Chenopodium quinoa Willd. (quinoa) is a pseudocereal crop of the Amaranthaceae family and represents a promising species with the nutritional content and high tolerance to stressful environments, such as soils affected by high salinity. The basic leucine zipper (bZIP) transcription factor represents exclusively in eukaryotes and can be related to many biological processes. So far, the genomes of quinoa and 3 other Amaranthaceae crops (Spinacia oleracea, Beta vulgaris, and Amaranthus hypochondriacus) have been fully sequenced. However, information about the bZIPs in these Amaranthaceae species is limited, and genome-wide analysis of the bZIP family is lacking in quinoa.
We identified 94 bZIPs in quinoa (named as CqbZIP1-CqbZIP94). All the CqbZIPs were phylogenetically splitted into 12 distinct subfamilies. The proportion of CqbZIPs was different in each subfamily, and members within the same subgroup shared conserved exon-intron structures and protein motifs. Besides, 32 duplicated CqbZIP gene pairs were investigated, and the duplicated CqbZIPs had mainly undergone purifying selection pressure, which suggested that the functions of the duplicated CqbZIPs might not diverge much. Moreover, we identified the bZIP members in 3 other Amaranthaceae species, and 41, 32, and 16 orthologous gene pairs were identified between quinoa and S. oleracea, B. vulgaris, and A. hypochondriacus, respectively. Among them, most were a single copy being present in S. oleracea, B. vulgaris, and A. hypochondriacus, and two copies being present in allotetraploid quinoa. The function divergence within the bZIP orthologous genes might be limited. Additionally, 11 selected CqbZIPs had specific spatial expression patterns, and 6 of 11 CqbZIPs were up-regulated in response to salt stress. Among the selected CqbZIPs, 3 of 4 duplicated gene pairs shared similar expression patterns, suggesting that these duplicated genes might retain some essential functions during subsequent evolution.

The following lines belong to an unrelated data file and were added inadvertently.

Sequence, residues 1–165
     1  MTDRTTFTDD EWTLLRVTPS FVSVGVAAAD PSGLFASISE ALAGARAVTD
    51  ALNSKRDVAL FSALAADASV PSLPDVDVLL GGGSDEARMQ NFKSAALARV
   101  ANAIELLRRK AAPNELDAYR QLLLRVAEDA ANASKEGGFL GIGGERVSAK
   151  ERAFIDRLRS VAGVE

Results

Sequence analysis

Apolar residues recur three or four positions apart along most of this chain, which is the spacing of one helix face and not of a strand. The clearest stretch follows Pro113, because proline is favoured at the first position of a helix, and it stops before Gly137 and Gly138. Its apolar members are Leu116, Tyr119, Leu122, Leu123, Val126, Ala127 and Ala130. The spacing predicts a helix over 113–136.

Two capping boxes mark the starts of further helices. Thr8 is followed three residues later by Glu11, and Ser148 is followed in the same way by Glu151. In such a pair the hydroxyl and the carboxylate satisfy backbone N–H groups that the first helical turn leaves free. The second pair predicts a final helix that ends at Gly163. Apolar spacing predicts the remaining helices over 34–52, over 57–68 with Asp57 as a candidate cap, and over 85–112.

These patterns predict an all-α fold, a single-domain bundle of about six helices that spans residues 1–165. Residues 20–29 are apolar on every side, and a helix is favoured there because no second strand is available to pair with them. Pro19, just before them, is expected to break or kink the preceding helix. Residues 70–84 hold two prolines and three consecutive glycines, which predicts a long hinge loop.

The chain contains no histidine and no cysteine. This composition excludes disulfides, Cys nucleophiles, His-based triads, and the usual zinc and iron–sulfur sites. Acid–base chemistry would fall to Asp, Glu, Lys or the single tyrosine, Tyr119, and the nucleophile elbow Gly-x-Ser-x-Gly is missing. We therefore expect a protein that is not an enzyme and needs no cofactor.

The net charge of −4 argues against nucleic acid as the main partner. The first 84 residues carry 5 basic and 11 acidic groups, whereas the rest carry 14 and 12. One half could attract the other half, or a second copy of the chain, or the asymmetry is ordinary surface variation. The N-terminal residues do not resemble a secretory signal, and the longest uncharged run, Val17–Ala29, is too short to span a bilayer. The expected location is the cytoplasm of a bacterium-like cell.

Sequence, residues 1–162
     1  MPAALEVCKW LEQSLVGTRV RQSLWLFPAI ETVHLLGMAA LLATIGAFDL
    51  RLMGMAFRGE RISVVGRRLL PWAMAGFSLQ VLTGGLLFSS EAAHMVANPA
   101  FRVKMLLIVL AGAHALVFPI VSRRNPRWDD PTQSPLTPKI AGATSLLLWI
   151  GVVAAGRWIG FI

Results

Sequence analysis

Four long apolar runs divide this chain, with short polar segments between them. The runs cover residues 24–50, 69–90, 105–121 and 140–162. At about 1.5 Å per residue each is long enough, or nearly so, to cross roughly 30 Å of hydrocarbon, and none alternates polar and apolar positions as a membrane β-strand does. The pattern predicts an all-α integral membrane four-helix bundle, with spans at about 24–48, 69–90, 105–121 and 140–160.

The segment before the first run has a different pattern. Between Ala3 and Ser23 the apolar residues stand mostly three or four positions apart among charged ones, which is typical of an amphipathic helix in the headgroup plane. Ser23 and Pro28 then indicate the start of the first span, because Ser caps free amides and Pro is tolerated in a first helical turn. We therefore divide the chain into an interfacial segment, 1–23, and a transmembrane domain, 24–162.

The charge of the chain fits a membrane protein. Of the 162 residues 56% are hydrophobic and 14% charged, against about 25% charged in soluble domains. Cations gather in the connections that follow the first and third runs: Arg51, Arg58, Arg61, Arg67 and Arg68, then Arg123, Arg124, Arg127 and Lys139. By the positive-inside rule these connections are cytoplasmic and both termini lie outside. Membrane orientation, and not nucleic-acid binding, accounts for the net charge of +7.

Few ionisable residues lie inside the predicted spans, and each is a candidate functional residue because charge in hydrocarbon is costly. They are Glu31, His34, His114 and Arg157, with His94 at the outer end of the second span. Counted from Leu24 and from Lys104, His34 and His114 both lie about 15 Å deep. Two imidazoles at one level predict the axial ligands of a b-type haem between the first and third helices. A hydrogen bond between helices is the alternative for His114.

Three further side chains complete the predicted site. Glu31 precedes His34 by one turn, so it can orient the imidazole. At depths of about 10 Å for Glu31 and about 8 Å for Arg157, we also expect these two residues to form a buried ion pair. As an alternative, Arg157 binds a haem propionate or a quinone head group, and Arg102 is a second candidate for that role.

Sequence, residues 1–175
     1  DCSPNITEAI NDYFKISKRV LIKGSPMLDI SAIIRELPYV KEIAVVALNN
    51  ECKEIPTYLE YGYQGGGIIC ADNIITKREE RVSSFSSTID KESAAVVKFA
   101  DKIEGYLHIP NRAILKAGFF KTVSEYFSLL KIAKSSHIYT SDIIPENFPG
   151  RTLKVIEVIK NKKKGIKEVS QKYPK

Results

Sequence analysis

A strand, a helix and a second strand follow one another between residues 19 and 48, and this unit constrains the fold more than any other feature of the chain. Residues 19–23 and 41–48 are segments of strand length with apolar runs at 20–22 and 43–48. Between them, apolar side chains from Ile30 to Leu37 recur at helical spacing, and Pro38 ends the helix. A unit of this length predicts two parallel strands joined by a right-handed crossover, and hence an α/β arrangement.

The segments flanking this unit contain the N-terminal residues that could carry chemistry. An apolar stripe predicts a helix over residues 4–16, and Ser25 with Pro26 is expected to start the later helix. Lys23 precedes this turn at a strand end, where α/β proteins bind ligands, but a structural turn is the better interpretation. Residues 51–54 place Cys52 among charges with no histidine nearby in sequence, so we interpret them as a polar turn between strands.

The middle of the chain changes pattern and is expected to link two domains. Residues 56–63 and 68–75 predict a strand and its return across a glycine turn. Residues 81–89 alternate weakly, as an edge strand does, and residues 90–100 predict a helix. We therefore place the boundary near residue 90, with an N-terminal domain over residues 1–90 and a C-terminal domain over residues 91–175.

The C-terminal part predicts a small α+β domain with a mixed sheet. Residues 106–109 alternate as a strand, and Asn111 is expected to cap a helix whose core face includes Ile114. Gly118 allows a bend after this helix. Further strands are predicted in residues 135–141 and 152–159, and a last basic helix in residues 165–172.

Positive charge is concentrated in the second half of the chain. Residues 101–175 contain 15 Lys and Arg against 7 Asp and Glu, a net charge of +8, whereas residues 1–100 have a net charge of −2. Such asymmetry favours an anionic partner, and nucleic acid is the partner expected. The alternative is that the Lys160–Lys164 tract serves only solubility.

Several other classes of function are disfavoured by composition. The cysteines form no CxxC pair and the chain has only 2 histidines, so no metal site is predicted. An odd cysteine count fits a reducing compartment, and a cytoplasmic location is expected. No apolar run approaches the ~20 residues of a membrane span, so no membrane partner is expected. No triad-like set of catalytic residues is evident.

The present study provided the first systematic analysis for the phylogenetic classification, motif and gene structure, expansion pattern, and expression profile of the bZIP family in quinoa. Our results would lay an important foundation for functional and evolutionary analysis of CqbZIPs, and provide promising candidate genes for further investigation in tissue specificity and their functional involvement in quinoa's resistance to salt stress.